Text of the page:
I’ve been dealing with phone calls from potential campers like this one:

Caller:  I’d like a reservation, please.

Me: What date will you be arriving?

Caller:  Well, I might be able to get off work in early August, but my friend wants to come a week earlier, and my son-in-law thinks he’ll be coming for just the weekend.

Me:  So … you’re looking for 3 campsites in August?

Caller:  What’s it going to cost?

Me: Will you want tent sites or an RV pull through – they’re different prices.

Caller:  Oh. Well I have a pop-up now, but we’re thinking of getting a 5th wheel.  My son-in-law might be tenting.  Not sure what my friend camps in.  What’s it going to cost?

Me:  Hard telling . . .

And this one:

Caller:  I’d like to reserve a tent site for Memorial Day Weekend.

Me: Wow – that’s really planning ahead. You’ll have your pick of the sites since not many are booking into 2014 yet.

Caller:  What do you mean?  I’m booking for THIS year!

Me:  Well,  this is July – Memorial Day Weekend was the end of May.

Caller:  No it wasn’t!  Memorial Day’s in September!

Me:  Oh, I think you mean Labor Day . . .

Caller:  Are you an idiot?  Labor Day’s in May.

Then there was the camper who was extremely agitated that his Kindle e-reader wouldn’t work.  He seemed to think it was our fault, something to do with our wi-fi service.  But when I looked at his Kindle, the screen showed a message from Amazon telling him he needed to register a credit card to purchase a new book.  He angrily told me he’d had the Kindle for years and already had a card registered to it and it MUST be something to do with our campground.  The look on his face was priceless when I asked if he’d recently gotten a replacement card from his bank after the old one expired.  Oops.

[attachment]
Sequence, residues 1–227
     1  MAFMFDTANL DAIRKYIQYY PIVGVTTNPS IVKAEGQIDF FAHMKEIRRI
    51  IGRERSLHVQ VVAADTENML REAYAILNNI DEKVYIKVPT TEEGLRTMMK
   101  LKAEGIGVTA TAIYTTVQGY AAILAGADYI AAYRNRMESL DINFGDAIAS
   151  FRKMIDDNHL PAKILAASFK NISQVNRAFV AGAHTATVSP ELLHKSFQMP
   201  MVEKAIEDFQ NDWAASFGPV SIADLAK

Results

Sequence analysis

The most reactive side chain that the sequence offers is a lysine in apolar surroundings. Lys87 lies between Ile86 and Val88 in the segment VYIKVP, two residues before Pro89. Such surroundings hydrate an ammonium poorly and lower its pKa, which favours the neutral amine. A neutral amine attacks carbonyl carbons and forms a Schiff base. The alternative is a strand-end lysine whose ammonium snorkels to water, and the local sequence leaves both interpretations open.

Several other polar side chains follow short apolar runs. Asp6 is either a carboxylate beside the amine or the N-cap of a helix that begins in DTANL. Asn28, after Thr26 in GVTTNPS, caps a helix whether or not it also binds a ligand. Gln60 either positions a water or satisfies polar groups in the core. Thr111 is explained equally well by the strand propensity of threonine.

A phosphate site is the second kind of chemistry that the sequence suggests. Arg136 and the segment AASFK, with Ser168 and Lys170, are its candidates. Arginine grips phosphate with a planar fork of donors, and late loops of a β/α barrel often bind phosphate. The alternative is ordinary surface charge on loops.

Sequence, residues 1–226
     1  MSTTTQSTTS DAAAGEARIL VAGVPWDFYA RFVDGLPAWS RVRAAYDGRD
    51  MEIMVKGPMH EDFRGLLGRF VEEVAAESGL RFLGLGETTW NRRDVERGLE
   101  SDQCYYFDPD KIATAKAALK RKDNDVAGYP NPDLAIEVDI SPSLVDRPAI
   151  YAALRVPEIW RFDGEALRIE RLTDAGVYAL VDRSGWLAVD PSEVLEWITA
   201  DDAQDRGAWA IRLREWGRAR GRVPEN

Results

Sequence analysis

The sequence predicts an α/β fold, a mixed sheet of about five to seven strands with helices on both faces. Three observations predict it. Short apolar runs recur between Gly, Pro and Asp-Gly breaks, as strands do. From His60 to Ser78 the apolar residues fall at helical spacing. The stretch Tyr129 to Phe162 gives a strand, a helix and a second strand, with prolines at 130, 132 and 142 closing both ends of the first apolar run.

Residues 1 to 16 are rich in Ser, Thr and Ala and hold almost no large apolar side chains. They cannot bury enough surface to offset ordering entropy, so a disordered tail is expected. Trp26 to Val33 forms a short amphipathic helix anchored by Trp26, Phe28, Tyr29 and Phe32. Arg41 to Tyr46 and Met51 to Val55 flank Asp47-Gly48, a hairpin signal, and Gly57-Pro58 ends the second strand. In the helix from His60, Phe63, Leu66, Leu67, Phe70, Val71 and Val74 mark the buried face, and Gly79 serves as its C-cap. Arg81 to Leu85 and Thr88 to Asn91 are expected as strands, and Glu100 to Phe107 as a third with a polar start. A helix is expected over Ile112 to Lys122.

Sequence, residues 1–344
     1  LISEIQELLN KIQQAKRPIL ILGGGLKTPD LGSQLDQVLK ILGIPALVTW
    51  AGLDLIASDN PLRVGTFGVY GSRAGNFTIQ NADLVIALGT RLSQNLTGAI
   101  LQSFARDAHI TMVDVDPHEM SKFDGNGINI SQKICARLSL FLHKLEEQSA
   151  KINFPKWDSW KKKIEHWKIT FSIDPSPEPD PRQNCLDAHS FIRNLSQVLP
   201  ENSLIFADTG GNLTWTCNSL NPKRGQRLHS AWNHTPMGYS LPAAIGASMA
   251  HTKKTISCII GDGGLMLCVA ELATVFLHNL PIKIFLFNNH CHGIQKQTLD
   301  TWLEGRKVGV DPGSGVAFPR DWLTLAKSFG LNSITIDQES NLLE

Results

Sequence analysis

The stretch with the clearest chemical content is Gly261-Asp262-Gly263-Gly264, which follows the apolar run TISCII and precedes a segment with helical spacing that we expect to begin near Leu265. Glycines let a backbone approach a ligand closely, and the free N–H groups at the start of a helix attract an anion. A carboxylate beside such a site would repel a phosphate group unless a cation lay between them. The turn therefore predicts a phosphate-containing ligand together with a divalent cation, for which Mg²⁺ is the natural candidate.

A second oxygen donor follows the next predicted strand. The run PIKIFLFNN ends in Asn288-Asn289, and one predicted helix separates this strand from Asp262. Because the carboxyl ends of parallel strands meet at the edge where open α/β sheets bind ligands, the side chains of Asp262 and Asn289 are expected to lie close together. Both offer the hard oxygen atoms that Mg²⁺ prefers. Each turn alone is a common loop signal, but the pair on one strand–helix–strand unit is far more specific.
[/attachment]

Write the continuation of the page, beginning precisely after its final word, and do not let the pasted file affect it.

On Monday, a man pulled up to the registration office with an older camper and said he’d just bought it “from a guy” and could we advise him how to “de-winterize” it?  Everett went out to look it over and gave the man several tips before telling him, “It’ll be easier to show you after you’re set-up on your site, just go check in.”  “Check in?” said the man, “I’m not STAYING here!”